For many people, salary negotiation is the most stressful part of the entire interview process. You already expressed your interest. They expressed their willingness to hire you. Now, you just have to set the terms.
If you ask too much, then you’re concerned that the negotiation stops right there. If you suggest a salary that’s too low, then you hamstring yourself for years to come. After all, raises are often measured as a percentage based on your salary level.
In short, that single exchange has a considerable impact on every aspect of your life. By taking some time to consider the mistakes that are often made, you can deliver your best possible presentation to get the full compensation you deserve.
1. Incomplete Research
You’ll need to come up with a realistic figure. How do you do that? Research.
There are a number of online resources to help determine typical salaries in your field.
LinkedIn now has an excellent, realistic salary calculator for your local area. They compile their data both from their jobs postings and users’ postings.
The downside: They don’t have every job title and might not have enough data from your area to give you a realistic number.
Glassdoor will help provide you with market value by job title in your local area — and the company itself. Glassdoor is an interesting site. In order to view salaries for a specific company, you might need to either rate a company where you’ve worked or provide your salary information. It’s anonymized, so you aren’t broadcasting your opinions and sensitive personal information all over the web.
The downside: If you’re the lone IT pro in a small company, then your company will know who left feedback, which can be good or bad.
The Bureau of Labor Statistics (BLS) provides excellent job and salary information.
The downside: Unfortunately, they often report in national averages, which is problematic. When you average salaries across cities with different cost-of-living requirements, you’ll get a number that’s inflated in some cities, and too low in others.
We broke down 13 ISA salaries with localities in mind. You should, too.
Each of these resources will give you a slightly different picture. Pull together as many points of reference as possible to help determine what you are realistically capable of earning.
2. Undervaluing Your Full Worth
You also might want to evaluate the components that determine your salary, which are experience, education, and certifications.
When determining your salary expectations, be sure to factor in the full compensation package including salary, profit sharing, performance-based bonuses, health insurance, and paid leave. Of course, you don’t want to settle for the minimum that you can live on, but it helps to define your complete range of possibilities before the meeting.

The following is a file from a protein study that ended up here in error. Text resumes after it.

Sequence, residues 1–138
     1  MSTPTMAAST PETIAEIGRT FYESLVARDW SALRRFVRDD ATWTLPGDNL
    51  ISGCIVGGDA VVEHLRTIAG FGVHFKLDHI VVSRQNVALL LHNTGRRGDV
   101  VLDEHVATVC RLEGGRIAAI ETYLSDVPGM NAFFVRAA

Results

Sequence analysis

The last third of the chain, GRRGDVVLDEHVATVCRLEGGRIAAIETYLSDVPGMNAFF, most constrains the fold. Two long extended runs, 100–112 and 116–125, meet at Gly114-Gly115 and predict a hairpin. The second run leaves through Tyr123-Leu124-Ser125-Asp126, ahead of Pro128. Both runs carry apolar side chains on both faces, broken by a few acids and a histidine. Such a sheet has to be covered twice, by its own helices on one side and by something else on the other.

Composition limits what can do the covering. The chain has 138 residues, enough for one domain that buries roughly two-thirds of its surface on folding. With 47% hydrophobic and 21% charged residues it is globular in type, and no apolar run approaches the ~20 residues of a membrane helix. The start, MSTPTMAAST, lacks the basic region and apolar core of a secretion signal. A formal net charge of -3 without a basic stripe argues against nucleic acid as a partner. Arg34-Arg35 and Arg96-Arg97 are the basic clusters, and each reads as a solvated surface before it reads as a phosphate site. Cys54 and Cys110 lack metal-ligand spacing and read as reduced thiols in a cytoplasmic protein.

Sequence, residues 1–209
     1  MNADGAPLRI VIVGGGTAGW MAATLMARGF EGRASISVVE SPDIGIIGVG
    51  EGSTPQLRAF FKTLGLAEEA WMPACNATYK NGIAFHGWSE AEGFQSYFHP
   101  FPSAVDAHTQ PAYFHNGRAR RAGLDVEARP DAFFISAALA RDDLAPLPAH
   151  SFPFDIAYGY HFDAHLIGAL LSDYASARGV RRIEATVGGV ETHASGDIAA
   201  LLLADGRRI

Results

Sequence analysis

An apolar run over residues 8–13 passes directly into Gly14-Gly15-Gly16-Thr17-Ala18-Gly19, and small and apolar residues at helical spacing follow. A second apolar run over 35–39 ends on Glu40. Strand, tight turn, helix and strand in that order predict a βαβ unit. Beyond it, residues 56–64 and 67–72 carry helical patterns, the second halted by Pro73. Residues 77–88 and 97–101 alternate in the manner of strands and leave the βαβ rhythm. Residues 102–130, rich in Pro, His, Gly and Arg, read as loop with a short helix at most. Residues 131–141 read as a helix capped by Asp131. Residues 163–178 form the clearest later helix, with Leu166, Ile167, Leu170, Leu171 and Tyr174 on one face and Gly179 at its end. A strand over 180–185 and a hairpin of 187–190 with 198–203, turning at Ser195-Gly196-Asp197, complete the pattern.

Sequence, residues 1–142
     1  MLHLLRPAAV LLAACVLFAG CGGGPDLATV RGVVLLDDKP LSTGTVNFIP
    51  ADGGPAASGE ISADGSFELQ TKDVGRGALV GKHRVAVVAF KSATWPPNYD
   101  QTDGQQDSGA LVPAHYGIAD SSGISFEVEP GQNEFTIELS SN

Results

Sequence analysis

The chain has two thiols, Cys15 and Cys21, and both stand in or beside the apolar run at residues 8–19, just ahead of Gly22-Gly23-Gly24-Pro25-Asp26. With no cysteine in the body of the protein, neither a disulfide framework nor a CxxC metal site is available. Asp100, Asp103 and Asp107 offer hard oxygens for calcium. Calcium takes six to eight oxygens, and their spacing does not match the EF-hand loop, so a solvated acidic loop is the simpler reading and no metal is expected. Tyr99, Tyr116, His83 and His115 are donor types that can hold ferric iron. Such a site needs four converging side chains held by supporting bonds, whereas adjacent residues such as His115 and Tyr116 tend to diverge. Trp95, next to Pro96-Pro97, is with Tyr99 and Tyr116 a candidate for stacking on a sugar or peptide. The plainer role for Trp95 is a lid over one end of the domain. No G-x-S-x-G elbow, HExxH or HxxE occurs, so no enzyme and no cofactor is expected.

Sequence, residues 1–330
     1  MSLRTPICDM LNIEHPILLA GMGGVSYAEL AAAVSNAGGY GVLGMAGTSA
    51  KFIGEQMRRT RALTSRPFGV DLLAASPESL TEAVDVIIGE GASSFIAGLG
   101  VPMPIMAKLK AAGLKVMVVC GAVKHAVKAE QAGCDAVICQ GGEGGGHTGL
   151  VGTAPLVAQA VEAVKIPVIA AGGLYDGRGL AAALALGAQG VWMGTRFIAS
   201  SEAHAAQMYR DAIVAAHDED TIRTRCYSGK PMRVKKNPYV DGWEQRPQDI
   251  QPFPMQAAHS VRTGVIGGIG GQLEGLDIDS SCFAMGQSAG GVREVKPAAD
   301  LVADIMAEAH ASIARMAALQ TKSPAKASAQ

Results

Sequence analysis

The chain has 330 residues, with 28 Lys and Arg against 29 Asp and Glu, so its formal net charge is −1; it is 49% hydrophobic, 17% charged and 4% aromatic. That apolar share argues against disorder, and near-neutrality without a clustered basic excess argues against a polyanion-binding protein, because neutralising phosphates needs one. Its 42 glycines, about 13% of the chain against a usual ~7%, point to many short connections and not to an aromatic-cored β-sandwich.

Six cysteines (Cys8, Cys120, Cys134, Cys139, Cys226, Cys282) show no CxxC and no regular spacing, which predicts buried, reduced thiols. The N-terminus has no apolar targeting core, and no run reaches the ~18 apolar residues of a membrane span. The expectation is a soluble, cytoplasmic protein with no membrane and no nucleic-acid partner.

3. Under-representing Your Specialized Abilities
You may have valuable experience that crosses over into related fields. You can save the company time and money by requiring fewer resources to get the job done effectively. Or you might have a certification or completed a CBT Nuggets course. Be sure to communicate these abilities clearly, as managers should be willing to compensate you appropriately.
4. Failure to Justify Your Value
A successful salary negotiation begins with a presentation on what you specifically bring to the table. It’s most effective if you first explain the value you provide, then give them a number based on careful leveraging of your talents. The conversation is less effective if you shoot them a number immediately and spend the rest of the meeting trying to justify it. Essentially, you’ll need to calculate the worth of your IT career.
Any time you can point out efficiency gains that you helped implement in previous jobs, you demonstrate your worth in a tangible way. A good employer would be happy to reward such dedication and achievement.
5. Providing a Desired Salary
Many employers require you to fill out an online application that doesn’t allow you to skip filling out salary fields. In that case, type in zero, or $1. You should not you tell your future employer your salary history. Providing false information is also a big no-no, so if you are absolutely required to provide a number, and absolutely want the job, then be honest.
If you haven’t figured it out by now, your salary is one of the 10 things to avoid putting on your resume.
6. Starting too High
It can be tempting to shoot for the moon and work downward. Unfortunately, you also might hear that whooshing sound as the door slams behind you. Most salary negotiating methods recommend that you allow the employer to fire off the first number.
In fact, you should ask for the salary range as early in the interview process as possible. If their offer is too low, then you can help everyone by simply ending the process right there. If they offer a range that is approximately in line with norms for your field, you can simply nod your head and move along.
You can still make the pitch for an extra 10 percent. Just be realistic about what you’re worth, and let your research guide the negotiations.
7. Failing to Consider the Needs of the Organization
It’s tempting to simplify the conversation by creating a universal presentation of your role in IT, particularly if you have several interviews lined up. But just like when tailoring your resume to the organization, you should tailor your discussion around the organization’s needs to achieve maximum effect with minimum snooze. You must realize, however, that your audience is specifically interested in what you can do for them.
Armed with this knowledge of typical hazards, you can successfully navigate the minefield of salary negotiation. Now you can deliver a relaxed presentation that all but guarantees you’ll get the salary and benefits you deserve!
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